And as always, great care should be taken when shaping. The gentler your touch, the lighter the loaf. Don’t be fooled by what you see in my video; don’t mistake confident hands and assertive movements for rough handling.
Your touch should be that of a lover’s. Firm, yet gentle. Confident, not timid.
If your dough loses gas at any point during your shaping then you are being too rough.
Don’t worry though, dough handling is a feel-based skill that continuously improves. Every single new baker mangles some loaves, yours truly included. Over time your touch will become more confident, you’ll find the dough sticking to your hands less often, and your loaves will become lighter and lighter.
Always strive to shape the perfect loaf, even knowing that perfection is impossible.
Step 7: Proof
Simple enough here, right? Proof until your loaf is ready to bake. Two to four hours, maybe (mine took just over 3 on this day).
Unfortunately, I can’t say exactly how long it’ll take. Again, it depends upon several variables — temperature, starter activity, quality of shaping (well shaped loaves hold more tension and can proof longer and to greater volume), dough quality, etc.
Of course, the standard rule of thumb is to proof until the dough just slowly springs back when you press your finger into the loaf. But I find that to be an inadequate generalization. I suppose it provides a “well-enough” starting point for inexperienced bakers, but overtime you’ll find it to be too simplistic.
Wet doughs and baguettes tend to spring best when placed into the oven slightly before that point. Stiff doughs can hold out a bit beyond that point. Poorly shaped loaves hold too little tension from the get go for this test to be reliable. Spelt bread is so soft and extensible that the finger poke test tells you nothing at all. Pan loaves differ from free-standing loaves.
And there are a thousand more examples of why this method of judging isn’t wholly reliable.
Plus, I just hate poking my finger into proofing loaves. It’s counter to my philosophy of gentle handling.
So how best to judge when it’s time to bake?
Sadly, there’s no one-size fits all answer here. A good starting point is simply by eyeballing the increase in volume — if you make the same loaf over and over again, experience will teach you about what size the loaf should be when it’s almost ready. And with a very light pressing touch, you’ll be able to determine how much further you should let it go.
I know that’s not a very useful answer, but it’s the truest.
Learning to appropriately judge the degree of proofing a loaf needs is just another one of those skills you develop with time and experience. It can be frustrating in the early stages when you see the loaf flatten out and you realize you let it proof too long, or when you see that you’ve baked the loaf too soon and lost greater volume and lighter crumb as a result.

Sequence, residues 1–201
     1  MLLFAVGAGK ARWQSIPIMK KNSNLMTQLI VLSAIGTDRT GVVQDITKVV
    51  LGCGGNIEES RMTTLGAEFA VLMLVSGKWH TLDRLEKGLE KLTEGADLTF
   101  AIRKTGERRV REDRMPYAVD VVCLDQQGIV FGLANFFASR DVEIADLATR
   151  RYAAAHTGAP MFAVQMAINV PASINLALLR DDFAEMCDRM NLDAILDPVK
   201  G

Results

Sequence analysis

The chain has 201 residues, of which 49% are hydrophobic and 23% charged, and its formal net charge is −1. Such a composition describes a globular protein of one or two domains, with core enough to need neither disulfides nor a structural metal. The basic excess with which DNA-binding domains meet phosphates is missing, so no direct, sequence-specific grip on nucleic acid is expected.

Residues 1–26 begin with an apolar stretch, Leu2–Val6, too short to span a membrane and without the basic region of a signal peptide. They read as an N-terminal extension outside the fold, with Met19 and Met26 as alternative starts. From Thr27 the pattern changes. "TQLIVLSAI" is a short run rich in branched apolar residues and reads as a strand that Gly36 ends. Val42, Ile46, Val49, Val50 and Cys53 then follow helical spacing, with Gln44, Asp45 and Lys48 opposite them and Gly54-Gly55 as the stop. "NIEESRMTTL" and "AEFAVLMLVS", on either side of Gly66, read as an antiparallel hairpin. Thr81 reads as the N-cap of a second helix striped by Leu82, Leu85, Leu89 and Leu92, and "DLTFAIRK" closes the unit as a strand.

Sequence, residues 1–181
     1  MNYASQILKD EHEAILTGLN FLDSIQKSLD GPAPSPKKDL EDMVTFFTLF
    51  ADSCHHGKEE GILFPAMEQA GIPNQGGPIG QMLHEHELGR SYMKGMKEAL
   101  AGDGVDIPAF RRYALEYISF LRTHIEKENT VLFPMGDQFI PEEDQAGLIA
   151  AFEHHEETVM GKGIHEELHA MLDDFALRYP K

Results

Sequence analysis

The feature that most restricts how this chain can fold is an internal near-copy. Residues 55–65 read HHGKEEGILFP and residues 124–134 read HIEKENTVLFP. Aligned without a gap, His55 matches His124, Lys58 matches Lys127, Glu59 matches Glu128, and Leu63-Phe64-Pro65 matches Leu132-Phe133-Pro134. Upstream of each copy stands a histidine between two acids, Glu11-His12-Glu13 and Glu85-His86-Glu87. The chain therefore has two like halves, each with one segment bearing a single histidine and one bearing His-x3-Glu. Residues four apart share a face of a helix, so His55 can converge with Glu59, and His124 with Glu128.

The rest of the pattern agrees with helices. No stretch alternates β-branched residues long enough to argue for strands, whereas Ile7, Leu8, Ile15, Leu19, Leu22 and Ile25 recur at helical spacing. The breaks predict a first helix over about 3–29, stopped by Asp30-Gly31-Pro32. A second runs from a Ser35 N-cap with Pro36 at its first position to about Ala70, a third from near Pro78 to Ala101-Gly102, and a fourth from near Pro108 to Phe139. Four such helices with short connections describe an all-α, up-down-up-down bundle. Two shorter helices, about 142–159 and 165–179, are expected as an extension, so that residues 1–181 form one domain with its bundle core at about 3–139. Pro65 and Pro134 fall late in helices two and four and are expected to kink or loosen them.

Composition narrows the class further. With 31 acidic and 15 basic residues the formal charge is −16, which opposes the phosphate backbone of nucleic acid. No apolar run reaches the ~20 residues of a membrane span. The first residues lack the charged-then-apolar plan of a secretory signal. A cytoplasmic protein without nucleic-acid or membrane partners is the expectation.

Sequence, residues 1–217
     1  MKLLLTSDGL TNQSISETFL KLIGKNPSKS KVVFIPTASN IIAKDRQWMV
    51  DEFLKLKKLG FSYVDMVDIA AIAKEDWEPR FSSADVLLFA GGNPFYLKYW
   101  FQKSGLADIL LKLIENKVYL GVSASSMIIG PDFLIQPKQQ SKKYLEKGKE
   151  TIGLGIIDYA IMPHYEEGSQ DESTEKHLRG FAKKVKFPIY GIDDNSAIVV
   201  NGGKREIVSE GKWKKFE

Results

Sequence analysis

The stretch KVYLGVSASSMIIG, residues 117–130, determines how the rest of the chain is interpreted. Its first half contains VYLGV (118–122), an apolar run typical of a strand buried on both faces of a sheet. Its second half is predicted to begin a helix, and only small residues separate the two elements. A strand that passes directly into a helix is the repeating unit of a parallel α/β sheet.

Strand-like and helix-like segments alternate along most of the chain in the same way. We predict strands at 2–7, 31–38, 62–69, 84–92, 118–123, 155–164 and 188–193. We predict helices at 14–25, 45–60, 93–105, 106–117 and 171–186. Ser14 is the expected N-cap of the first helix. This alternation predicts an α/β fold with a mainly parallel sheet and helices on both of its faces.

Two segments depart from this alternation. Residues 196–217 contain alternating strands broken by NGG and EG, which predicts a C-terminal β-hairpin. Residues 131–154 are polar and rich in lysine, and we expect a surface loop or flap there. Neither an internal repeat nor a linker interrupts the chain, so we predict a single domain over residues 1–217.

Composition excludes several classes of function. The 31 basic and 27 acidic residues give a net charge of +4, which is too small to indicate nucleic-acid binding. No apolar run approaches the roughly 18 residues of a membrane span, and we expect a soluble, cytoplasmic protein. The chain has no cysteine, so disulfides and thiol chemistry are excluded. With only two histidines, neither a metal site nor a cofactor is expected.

So start with the finger-poke test, if you must. I did. But then spread your wings.
Step 8: Score and Bake
Grab your cast iron dutch oven or combo cooker, toss it into the oven, and preheat to 450 degrees Fahrenheit for at least 30 minutes (I usually let it go 45-60 minutes). When it’s ready, carefully turn your loaf out and score in your preferred manner. For this loaf I used a tic tac toe pattern because it really helps to encourage a full ovenspring.
Bake your loaf covered for 20 minutes, remove the lid (and rotate 180 degrees if your oven doesn’t bake evenly), and bake for another 20-30 minutes. I generally bake my loaves dark, but not ridiculously so. And some loaves I tend to bake on the lighter side. It just depends on what I’m aiming for.
So bake to whatever degree of color and crust you like. I was perfectly happy baking this loaf for a total of 45 minutes.
Step 9: Cool and Enjoy!
Congratulations! If all went well, you should now have a tasty sourdough loaf with a light open crumb.
Be sure to let it cool fully before cutting into it — at least 2 hours. Of course, if you want to dig in while it’s still warm, I won’t fault you for that. Just keep in mind that if you cut into the loaf before the crumb has fully set, you’ll be doing some damage to its structure. So it’s up to you how to proceed here.
If your loaf didn’t turn out so light and airy as you’d like, just keep at it. Skill takes time to develop, but it won’t be long before you start seeing improvements in your technique and dough handling ability. With a little patience, you’ll get it.
Whatever you do, don’t rush to increase hydration.
That’s not the answer here. If you can’t gently coax an open crumb from a stiffer dough like this, you’re only gonna run into even more trouble when you start making the dough wetter and stickier.
Give yourself the time required to develop feel and intuition first. It may not seem like you’re progressing very fast, but in the long run you’ll find it far less frustrating. Ultimately, you’ll progress further than you would’ve had you been getting ahead of yourself in a rush to work with highly hydrated doughs.
I hope this post was helpful. Until next time . . .
Trevor J. Wilson